Plus… and I promise I’ll stop ranting soon… I fail to understand why we need multi-national corporations to provide us with something as basic as a coffee house. In my mind, a coffee house is (or should be) the quintessential small, locally owned, neighborhood run business. 
 
Clearly, I am in the minority on this one (as I am on most topics that have to do with popular culture,) and that’s pretty much what I would expect. I just chafe against the idea that EVERYTHING must be commercialized and corporatized. Maybe I was just born in the wrong century.

Guest
3 years 1 month ago

 @EcoCatLady Well if you’re in the minority I’m with you. I agree, places to congregate are great but the “life on the run” lifestyle just contributes to so much waste and stress. And corporations running everything is nuts. 
 
This whole thing makes me want to start a local earth-friendly coffeehouse, but we’re in Seattle so we’re full of coffeehouses already. :)

Guest
3 years 1 month ago

I TOTALLY support having places where people can congregate, it’s the whole “take-out” coffee aspect that just mystifies me. I just don’t understand why people want to life life “on the run.”

Guest
3 years 1 month ago

“live life” that is… I suppose one could try to “life life” but I’m not exactly sure how! :-)

Guest
3 years 1 month ago

I do love the idea of cafes, and don’t think a social gathering place like this is that crazy – but yes the collective caffeine addiction is sort of nuts, and the lack of recycling and horrific waste is simply insane. I had no idea they were wasting a cup to fill my reusable mug, that makes me so sad. 

Guest
Jenny Rustemeyer
3 years 1 month ago

so frustrating; although, I must admit I’ve had good luck just asking for a ceramic mug to stay.

Guest
Michael Smithingtonsworthly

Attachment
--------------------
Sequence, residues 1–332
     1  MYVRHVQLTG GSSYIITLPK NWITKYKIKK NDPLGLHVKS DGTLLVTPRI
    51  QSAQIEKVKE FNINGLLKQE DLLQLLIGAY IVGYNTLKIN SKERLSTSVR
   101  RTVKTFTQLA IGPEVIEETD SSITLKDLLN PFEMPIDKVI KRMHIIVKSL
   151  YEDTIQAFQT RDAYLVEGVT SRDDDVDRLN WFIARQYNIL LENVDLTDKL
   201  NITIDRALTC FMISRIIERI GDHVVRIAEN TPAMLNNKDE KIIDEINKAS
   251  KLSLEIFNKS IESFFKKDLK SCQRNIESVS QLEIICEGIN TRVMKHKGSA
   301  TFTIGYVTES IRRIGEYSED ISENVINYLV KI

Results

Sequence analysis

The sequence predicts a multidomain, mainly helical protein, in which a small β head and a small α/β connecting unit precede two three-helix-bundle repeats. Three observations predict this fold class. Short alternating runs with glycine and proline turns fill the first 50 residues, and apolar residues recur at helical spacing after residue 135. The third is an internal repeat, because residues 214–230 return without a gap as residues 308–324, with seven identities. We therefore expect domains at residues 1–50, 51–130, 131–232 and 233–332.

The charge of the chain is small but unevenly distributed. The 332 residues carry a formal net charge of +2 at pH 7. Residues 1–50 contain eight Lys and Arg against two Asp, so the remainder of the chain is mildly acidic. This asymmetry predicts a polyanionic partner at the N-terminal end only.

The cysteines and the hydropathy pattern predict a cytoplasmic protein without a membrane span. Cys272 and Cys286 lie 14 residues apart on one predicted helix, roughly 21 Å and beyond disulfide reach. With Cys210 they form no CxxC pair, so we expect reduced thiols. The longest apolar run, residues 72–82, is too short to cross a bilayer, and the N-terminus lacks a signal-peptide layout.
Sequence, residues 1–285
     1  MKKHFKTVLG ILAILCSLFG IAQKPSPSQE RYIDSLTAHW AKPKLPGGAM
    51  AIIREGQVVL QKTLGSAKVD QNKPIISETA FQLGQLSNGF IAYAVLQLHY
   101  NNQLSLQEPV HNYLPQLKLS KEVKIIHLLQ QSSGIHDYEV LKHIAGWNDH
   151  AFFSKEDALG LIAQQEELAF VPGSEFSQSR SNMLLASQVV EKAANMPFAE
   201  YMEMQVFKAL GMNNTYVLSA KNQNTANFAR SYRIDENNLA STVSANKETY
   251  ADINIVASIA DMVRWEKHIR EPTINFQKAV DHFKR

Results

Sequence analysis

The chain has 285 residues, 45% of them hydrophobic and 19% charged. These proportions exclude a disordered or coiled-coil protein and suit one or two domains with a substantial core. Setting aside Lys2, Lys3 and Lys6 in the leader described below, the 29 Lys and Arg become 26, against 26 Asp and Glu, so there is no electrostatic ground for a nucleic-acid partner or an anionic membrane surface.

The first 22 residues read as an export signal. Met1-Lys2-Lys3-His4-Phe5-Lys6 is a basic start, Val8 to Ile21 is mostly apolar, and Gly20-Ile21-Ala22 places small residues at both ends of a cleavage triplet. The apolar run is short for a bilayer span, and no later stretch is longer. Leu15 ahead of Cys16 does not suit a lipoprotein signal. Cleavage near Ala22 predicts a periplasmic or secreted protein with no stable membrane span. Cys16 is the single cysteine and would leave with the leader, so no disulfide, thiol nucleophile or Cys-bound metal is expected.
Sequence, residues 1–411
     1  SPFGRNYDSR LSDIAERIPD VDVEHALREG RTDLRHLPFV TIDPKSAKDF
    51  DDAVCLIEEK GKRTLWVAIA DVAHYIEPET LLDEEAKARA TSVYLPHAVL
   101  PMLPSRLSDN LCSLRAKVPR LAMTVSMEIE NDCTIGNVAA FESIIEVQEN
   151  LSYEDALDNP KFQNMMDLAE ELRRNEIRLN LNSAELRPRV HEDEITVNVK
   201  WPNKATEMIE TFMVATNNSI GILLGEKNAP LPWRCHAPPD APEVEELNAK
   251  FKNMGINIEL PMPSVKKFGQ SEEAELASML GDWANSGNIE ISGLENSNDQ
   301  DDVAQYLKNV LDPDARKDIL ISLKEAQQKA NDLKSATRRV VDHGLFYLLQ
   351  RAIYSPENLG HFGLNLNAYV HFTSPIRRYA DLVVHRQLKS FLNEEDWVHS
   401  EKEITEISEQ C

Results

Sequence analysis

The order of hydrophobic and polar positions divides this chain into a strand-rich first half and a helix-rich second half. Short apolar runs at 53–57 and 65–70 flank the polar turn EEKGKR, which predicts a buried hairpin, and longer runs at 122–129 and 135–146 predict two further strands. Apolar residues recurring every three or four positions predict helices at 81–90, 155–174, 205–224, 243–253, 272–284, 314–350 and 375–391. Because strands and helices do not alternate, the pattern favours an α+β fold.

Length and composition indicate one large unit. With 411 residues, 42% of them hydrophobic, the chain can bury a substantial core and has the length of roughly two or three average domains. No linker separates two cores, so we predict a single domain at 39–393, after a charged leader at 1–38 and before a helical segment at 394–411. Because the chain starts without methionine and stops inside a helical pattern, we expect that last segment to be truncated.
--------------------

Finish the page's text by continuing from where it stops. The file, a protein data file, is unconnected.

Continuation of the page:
3 years 1 month ago

I wrote them a message and made it clear that I won’t be spending my money there without an earnest attempt at change. I’ll let you know if I get a response.

Guest
JayadeepPurushothaman
3 years 1 month ago

In India, most of the local coffee(and tea-shops) used to provide steel or ceramic glasses for tea or coffee, but these days even the street side shops in cities use plastic glasses because they are dirt cheap and they can just throw it away. The other problem is there is water scarcity in most Indian cities which prevents them from washing those glasses(steel or ceramic) and re-using it. Water may be far more expensive than plastic cups for them. But the root cause IMO is the urban living which is based on fast-food and eating out most of the time. And plastic is big part of urban living – your lives in cities would stall if they stop producing plastics. I think we are definitely on a downward spiral of destruction of nature so far down the line  that we will not be able to arrest  with any kind of efforts.

Guest
Shannon
3 years 1 month ago

Some of this is health code requirements. They CAN’T reuse plastic cups. Any company like this is going to follow the health code, regardless of what their customers want. And yes, they’re going to toss out all those lids and cups that got stuff splashed on them. Again, this is because they *have* to.